Legal Do-Dah Man Helped Stoke Grateful Dead's Marketing Machine He was perhaps the only lawyer in America whose stationery was inscribed "Legally Dead."
Hal Kant, the longtime attorney for America's quintessential hippie band, gave the legal nod to what became the Grateful Dead's commercial signature: While most groups prohibit taping, the Dead tacitly allowed fans to make their own not-for-profit tapes and pass them around.
"Every one of those tapes became a marketing device," says Dennis McNally, the Dead's publicist for many years.
It was Mr. Kant who led the Grateful Dead to incorporate, making it one of the first rock bands to offer health benefits and pensions. He negotiated contracts that preserved the Dead's master recordings for the band, not a record company, and coordinated its many businesses. The Kant Family
And it was Mr. Kant — "the Czar," to lead guitarist Jerry Garcia — who convinced Mr. Garcia to protest when groovy Vermont dairy Ben & Jerry's Homemade Inc. named one of its flavors Cherry Garcia. The company now pays royalties, split between a Grateful Dead charity and Mr. Garcia's heirs.
Mr. Garcia died in 1995, and the band lapsed, though its surviving members went on to play gigs. They reunited for a concert earlier this month, for the first time in four years, in State College, Pa.
One of the top-drawing touring acts in the country, the Grateful Dead was a big business in the 1980s and 1990s, generating tens of millions of dollars in merchandise sales alone. Since the 1970s, it had been a favorite of tie-dyed, drugged-out Deadheads who followed the band around the country. It gained mainstream momentum in the 1980s, and notable figures ultimately came out of the closet as fans, including Al Gore and former Massachusetts Gov. William Weld.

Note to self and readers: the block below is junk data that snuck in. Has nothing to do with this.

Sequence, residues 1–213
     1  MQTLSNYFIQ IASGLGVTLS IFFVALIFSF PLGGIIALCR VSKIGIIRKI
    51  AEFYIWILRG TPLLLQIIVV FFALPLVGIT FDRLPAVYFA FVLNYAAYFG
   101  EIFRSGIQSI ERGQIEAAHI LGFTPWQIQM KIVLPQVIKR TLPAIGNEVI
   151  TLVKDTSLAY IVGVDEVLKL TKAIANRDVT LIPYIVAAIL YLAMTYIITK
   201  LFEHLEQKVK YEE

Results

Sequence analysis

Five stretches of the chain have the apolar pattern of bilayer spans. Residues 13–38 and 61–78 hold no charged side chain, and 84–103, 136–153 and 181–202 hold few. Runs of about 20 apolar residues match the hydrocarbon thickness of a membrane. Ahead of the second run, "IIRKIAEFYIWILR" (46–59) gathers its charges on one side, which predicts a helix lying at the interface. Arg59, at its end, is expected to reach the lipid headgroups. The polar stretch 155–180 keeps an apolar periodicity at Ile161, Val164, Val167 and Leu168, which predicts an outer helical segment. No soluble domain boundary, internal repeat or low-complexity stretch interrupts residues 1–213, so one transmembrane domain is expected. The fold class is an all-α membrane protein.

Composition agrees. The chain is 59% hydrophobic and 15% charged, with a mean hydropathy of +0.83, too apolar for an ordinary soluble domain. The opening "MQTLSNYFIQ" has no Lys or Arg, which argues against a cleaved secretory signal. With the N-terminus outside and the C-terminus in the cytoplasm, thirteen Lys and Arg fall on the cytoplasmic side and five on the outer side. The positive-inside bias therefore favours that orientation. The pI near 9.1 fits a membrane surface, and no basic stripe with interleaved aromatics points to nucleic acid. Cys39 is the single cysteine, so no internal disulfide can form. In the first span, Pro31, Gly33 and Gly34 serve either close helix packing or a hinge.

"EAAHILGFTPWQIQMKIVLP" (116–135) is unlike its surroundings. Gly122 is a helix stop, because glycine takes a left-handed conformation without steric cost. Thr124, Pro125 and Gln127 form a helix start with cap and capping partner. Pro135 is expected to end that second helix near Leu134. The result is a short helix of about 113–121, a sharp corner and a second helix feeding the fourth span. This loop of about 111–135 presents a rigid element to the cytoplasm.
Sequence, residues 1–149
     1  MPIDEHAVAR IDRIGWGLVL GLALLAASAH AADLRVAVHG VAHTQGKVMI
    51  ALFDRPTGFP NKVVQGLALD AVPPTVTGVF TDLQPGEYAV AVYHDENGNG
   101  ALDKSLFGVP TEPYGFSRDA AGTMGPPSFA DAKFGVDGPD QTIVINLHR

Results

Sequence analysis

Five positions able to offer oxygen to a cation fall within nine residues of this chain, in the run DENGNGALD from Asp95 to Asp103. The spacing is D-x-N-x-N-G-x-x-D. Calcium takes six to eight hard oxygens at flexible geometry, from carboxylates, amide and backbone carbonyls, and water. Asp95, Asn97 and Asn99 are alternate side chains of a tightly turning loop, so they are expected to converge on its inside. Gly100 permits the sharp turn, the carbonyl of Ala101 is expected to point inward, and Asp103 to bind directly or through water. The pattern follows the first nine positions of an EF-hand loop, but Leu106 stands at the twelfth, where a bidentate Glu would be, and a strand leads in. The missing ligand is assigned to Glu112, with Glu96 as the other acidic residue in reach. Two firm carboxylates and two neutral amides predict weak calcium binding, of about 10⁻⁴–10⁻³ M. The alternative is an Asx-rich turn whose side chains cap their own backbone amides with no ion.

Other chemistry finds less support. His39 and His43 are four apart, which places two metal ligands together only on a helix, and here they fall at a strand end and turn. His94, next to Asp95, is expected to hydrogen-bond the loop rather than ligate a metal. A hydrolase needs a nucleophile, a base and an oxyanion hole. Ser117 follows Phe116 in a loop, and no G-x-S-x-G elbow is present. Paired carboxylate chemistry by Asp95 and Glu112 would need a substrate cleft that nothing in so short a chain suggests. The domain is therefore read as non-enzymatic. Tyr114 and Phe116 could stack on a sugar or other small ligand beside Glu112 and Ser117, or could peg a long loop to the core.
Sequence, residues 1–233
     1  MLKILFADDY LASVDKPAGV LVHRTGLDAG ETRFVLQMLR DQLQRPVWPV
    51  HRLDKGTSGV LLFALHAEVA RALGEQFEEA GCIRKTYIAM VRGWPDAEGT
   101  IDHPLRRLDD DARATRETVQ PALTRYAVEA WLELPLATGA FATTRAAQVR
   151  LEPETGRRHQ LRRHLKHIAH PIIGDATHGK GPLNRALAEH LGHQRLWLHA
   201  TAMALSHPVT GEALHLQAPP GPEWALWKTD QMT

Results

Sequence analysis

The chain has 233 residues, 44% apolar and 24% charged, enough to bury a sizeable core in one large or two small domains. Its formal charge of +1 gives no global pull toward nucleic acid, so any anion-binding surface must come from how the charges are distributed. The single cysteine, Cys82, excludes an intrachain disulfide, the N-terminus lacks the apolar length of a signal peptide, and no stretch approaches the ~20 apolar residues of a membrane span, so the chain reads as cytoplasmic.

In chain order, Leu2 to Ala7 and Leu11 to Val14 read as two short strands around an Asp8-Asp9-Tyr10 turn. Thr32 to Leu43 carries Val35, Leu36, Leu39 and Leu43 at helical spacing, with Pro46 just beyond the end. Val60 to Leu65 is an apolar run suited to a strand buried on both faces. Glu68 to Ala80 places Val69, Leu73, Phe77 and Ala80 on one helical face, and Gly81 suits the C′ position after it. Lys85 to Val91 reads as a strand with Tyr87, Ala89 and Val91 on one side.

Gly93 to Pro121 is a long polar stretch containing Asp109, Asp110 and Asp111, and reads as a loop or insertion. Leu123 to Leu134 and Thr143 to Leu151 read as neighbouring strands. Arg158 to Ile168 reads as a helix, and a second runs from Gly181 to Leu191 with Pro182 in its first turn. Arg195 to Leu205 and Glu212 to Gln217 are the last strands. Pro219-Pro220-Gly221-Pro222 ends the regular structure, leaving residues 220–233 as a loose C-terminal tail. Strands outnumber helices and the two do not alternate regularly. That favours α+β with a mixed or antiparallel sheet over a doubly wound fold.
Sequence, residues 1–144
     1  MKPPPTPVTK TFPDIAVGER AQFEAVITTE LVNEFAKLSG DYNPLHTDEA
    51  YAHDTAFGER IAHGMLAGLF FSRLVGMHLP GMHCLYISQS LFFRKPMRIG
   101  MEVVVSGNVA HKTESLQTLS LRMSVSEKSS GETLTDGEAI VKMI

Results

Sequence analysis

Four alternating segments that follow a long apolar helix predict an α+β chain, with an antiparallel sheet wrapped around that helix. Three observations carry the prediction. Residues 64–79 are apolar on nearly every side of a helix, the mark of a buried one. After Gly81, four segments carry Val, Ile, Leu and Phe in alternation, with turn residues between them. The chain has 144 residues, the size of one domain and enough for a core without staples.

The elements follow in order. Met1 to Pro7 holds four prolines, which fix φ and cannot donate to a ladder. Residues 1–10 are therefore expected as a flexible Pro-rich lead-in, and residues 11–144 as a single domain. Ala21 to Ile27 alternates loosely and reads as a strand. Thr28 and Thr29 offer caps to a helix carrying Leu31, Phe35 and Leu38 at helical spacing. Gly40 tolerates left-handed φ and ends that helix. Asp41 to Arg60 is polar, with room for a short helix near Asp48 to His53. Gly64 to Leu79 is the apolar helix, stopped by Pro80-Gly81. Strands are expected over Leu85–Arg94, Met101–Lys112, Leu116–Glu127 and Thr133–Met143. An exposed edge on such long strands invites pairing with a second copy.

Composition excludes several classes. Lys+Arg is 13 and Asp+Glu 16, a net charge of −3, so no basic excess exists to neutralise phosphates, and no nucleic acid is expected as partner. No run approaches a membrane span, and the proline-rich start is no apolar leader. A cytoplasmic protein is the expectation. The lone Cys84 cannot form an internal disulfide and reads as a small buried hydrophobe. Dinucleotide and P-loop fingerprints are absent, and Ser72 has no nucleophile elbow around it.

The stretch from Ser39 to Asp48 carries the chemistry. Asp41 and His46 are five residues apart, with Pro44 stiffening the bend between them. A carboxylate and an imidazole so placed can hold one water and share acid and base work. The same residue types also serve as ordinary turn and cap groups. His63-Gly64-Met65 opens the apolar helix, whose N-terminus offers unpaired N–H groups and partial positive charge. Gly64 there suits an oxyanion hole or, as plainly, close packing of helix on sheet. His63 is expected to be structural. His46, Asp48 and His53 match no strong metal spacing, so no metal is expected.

Still, as a registered Republican with an office in Beverly Hills, Mr. Kant, who died Oct. 19 in Reno, Nev., at age 77, seems an unlikely candidate to have spent three decades as lawyer to the San Francisco band, starting in 1971.
"I didn't hang out with them — they were not an important client to me financially , so I could be very independent," he told Mr. McNally for the publicist's history of the Grateful Dead, "A Long Strange Trip."
Mr. Kant said he never charged the band a percentage but only billed hourly, and insisted that the band pay managers a flat fee.
"Hal was the sounding board, the adult in the room" during the band's anarchic and consensus-driven meetings, Mr. McNally says. Although he ended up as a pioneer entertainment lawyer, much of Mr. Kant's practice was a general one, with specialties in tax and corporate law.
Born Harold Sanford Kant in Queens and raised in the Bronx, he was the son of immigrant Russian Jews in the dry-cleaning business. Itchy after attending City College for two years, he traveled west to Seattle and finished college at the University of Washington.
He earned a master's in psychology before service in the Navy during the Korean War, then used his G.I. Bill money to study law at Harvard, graduating in 1958. A clerkship on the U.S. 9th Circuit Court of Appeals took him back to the West Coast, and he went on to join a Beverly Hills law firm next door to the William Morris Agency.